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Migrating your apps to Android 10

Welcome! Android 10 has many new APIs for building new experiences, as well as updated system behaviors that can affect your app when it's running on Android 10 devices.

To get started, we recommend reviewing the system behavior changes, privacy changes, and new features and APIs, then migrating your apps in these two phases:

  1. Ensure basic compatibility. As soon as possible, make sure your existing published app is ready for users who are updating or purchasing new devices running Android 10. Test your app to verify that it's fully functional, then publish the compatible version of the app to users.
  2. Build with Android 10 features and APIs. Next, explore the new features and APIs in Android 10. Set up your development environment, change your app's targetSdkVersion, and build with the new APIs that are relevant for your app.

The sections below highlight what you'll need to do in each of these phases. Before you get started, make sure you've prepared a hardware device or emulator) to run and test your app.

Phase 1: Basic compatibility

The goal of this phase is to identify any functionality regressions or other impacts when your app is running on Android 10, then address them and publish an updated version to users. In many cases you should not need to change your app's targetSdkVersion or use new APIs, although you can optionally change your compileSdkVersion to support compatibility.

It’s important to test the functionality of your existing app through all flows, because some platform changes can affect the way your app behaves. When you publish the compatible version of your app, we recommend notifying users of Android 10 support in your update notes.

To give your users a smooth transition to Android 10, we recommend publishing a compatible version of your app as early as possible — ideally before devices begin receiving Android 10 updates.

Perform testing

Compatibility testing entails the same type of testing you perform when preparing to release your app. This is a good time to review the core app quality guidelines and best practices for testing.

Make sure to familiarize yourself with the known behavior changes that can affect your app. These behavior changes will apply to your app, even if you haven't changed your targetSdkVersion. Reviewing the changes in advance will help you to identify possible impact areas and debug any issues more quickly.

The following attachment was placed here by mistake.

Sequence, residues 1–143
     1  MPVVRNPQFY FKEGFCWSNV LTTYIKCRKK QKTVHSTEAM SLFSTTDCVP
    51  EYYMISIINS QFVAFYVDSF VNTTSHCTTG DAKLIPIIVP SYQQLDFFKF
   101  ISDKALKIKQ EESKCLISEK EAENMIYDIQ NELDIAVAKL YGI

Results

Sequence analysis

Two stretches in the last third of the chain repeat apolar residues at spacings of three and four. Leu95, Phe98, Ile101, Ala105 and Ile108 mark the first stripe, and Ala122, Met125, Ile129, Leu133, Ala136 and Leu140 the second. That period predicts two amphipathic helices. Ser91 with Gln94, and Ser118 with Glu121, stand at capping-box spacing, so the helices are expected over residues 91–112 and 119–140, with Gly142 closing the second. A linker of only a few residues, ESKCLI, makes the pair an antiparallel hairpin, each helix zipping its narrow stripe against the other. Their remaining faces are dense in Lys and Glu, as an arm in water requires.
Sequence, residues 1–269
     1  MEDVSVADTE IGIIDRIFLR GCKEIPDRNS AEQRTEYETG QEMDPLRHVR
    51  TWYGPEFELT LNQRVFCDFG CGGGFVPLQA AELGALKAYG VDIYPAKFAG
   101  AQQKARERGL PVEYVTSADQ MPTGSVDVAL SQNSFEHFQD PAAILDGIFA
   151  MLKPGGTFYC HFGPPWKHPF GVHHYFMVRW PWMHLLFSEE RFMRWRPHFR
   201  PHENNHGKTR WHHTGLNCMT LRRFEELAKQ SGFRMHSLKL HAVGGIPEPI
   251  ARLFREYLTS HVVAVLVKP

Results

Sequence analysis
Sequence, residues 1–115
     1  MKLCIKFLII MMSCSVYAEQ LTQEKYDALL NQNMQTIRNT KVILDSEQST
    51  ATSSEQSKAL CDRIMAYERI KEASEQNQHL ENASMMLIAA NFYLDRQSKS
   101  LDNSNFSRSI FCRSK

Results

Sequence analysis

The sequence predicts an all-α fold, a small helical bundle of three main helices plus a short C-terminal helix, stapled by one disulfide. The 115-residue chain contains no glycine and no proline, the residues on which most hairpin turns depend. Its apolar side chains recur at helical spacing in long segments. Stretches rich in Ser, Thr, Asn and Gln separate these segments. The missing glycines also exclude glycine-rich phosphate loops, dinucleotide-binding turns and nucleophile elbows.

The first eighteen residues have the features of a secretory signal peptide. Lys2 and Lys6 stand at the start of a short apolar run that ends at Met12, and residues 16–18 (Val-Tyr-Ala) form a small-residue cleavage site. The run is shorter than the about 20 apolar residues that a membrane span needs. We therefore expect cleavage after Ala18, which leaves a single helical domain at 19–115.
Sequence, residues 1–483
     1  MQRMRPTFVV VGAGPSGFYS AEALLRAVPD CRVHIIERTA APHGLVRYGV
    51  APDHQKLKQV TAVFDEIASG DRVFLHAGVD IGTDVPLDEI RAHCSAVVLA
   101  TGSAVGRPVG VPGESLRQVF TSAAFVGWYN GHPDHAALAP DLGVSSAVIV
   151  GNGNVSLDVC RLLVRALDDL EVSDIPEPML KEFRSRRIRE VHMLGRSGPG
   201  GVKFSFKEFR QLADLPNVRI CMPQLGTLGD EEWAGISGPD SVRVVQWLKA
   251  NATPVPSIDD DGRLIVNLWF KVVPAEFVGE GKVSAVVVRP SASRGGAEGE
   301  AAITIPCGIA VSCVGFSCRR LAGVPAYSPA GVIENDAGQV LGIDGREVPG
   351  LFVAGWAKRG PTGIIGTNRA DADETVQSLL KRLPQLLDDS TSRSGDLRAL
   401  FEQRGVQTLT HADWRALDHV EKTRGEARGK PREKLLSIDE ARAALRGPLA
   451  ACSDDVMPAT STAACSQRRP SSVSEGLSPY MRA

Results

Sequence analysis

Android 10 includes extensive changes for privacy, so make sure you also review the key privacy changes and understand the possible impacts on your app.

Phase 2: Build with Android 10

Whenever you are ready, you can explore the new features and APIs in Android 10 and enhance your app with new experiences. To start developing with the new APIs, you'll need to set up the Android 10 (API 29) SDK in Android Studio and change both your targetSdkVersion and compileSdkVersion to 29.

When you change your targetSdkVersion, you'll also need to account for system behavior changes that apply to your app when you are targeting Android 10 (API 29) or higher.

Some behavior changes might cause regressions or crashes, so make sure to review the changes and test thoroughly before publishing an app update that changes your targetSdkVersion.

Get the SDK

To get the SDK packages to build your app with Android 10, first make sure you're using the latest version of Android Studio. To learn more, read Set up the SDK.

Perform testing

With the above preparations complete, you can build your app and then test it further to make sure it works properly when targeting Android 10. This is another good time to review the core app quality guidelines and best practices for testing.

When you build your app with the targetSdkVersion set to 29, there are specific platform changes you should be aware of. Some of these changes, which are described on the Android 10 behavior changes page, can significantly affect your app's behavior or cause crashes — even if you do not yet use new APIs.